Since our country's demographic destiny is to be majority nonwhite, the failure to market RPGs to those who are now racial minorities may ultimately rank among the most important causes of our hobby's likely demise.

  3. Pathfinder has a female black Halfling in a few illos. But overall not too much at all. But I'd say the all-white thing is far more pervasive than RPGs. Fantasy in general is that way. Look at all the great fantasy novels and how few non-whites are included. It's almost like authors think "you can't have a black elf!"

  4. What sucks about Brian MacKenzie's correct observation that there are few people of color portrayed memorably in early D&D is that, in the World of Greyhawk, there are actually few white people. In the Guide book from the boxed set, the various peoples are given general descriptions: the Baklunish are "golden-hued", the Flannae are "bronze-colored", varying from "a lighter, almost copper shade to a very dark tone which is the deepest brown", the Oeridians, by far the most common people among the civilized states, are described as "tan to olive". Only the Suloise, a people mainly relegated to the fringes of the Flanaess (except in the Duchy of Urnst and, maybe, Keoland, though some might consider that latter to be "fringe"), are fair-skinned, and even there some branches (the people of the Amedio Jungle and Hepmonaland) are "tan to brown with heavy freckling". If only the artists had paid attention to such details when creating their works.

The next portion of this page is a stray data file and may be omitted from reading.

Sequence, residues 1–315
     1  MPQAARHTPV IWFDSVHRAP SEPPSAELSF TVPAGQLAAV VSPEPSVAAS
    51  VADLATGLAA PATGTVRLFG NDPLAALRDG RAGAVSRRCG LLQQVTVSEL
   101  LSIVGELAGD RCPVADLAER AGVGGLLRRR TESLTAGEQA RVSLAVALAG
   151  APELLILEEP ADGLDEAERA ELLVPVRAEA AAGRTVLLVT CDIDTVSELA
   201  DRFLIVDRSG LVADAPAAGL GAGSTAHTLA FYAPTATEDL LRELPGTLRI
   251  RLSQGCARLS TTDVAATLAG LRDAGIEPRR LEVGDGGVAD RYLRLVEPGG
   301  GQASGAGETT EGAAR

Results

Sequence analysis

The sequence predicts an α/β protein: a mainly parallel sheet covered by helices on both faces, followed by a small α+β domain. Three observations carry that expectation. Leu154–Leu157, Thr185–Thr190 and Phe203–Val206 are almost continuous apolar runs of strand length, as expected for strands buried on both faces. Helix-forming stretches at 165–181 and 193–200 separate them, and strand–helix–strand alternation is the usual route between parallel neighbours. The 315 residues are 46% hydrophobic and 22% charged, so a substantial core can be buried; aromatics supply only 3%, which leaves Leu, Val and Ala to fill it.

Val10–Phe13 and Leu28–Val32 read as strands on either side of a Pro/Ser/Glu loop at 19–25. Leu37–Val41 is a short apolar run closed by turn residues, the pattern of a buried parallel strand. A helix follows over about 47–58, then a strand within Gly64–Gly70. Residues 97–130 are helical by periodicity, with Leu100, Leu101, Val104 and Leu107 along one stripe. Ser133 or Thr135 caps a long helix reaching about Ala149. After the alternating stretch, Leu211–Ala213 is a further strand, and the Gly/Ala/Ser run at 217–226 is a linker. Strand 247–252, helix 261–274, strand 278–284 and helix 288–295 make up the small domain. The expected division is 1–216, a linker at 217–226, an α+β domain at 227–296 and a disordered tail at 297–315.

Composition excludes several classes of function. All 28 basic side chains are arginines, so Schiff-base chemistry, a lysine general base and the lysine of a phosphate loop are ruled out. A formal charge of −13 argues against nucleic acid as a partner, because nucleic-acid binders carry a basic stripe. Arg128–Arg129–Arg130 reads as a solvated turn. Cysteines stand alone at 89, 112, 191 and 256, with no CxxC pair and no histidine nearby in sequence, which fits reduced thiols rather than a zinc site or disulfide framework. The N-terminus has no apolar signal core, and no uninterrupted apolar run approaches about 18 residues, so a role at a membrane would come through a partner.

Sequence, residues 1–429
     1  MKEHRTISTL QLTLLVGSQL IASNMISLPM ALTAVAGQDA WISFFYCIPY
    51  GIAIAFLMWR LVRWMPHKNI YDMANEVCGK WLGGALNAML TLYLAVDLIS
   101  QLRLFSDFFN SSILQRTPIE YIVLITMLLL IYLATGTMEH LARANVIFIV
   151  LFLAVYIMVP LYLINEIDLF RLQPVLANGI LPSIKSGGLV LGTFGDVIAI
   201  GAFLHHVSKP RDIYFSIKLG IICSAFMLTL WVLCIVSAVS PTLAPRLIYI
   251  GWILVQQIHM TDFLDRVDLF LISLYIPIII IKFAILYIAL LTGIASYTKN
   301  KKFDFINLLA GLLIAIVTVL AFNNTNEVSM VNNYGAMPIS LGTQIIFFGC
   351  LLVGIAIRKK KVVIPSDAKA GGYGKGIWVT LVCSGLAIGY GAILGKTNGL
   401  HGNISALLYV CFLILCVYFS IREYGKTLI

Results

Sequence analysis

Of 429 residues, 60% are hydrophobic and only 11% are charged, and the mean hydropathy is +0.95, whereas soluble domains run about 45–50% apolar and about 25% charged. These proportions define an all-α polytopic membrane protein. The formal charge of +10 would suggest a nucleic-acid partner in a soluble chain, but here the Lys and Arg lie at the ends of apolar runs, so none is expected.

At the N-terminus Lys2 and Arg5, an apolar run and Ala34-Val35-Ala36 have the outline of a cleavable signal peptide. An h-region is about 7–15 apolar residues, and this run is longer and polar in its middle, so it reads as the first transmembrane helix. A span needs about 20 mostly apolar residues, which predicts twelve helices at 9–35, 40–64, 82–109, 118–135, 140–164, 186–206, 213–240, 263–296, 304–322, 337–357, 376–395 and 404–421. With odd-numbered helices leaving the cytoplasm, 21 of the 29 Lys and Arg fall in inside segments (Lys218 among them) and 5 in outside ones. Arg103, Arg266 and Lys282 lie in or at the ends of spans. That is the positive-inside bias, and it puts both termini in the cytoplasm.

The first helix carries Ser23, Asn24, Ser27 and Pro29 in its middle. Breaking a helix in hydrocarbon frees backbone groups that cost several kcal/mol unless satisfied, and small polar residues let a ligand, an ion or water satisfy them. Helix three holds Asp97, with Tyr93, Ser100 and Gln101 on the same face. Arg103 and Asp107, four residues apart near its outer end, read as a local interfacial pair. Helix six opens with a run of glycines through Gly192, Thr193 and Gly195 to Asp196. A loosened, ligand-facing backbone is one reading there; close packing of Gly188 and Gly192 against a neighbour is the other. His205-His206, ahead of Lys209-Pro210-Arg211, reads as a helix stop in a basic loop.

5. @ Fumers: That sounds about the same ratio I saw at Dragonflight out here.

    I'm not familiar with "stuff white people like" land...I mean most people like the stuff white people like, perhaps with the exception of certain films of English cinema ("The Remains of the Day," "Howards End," "A Room with a View," etc.).
    ; )

    @ Brian: Not sure how "timely" a post it is. If this is a rut for the gaming industry, we've been stuck in it for decades!

    Regarding wargaming: I think it's fair to say that few cultures celebrate their wars and martial history quite like Americans and Western Europeans. Sure the Japanese celebrate their bushido tradition in cinema and literature, but most other folks aren't quite as proud of their history of blood spilling...especially nations that were former European colonies (do people reenact battles from the Anglo-Zulu war?).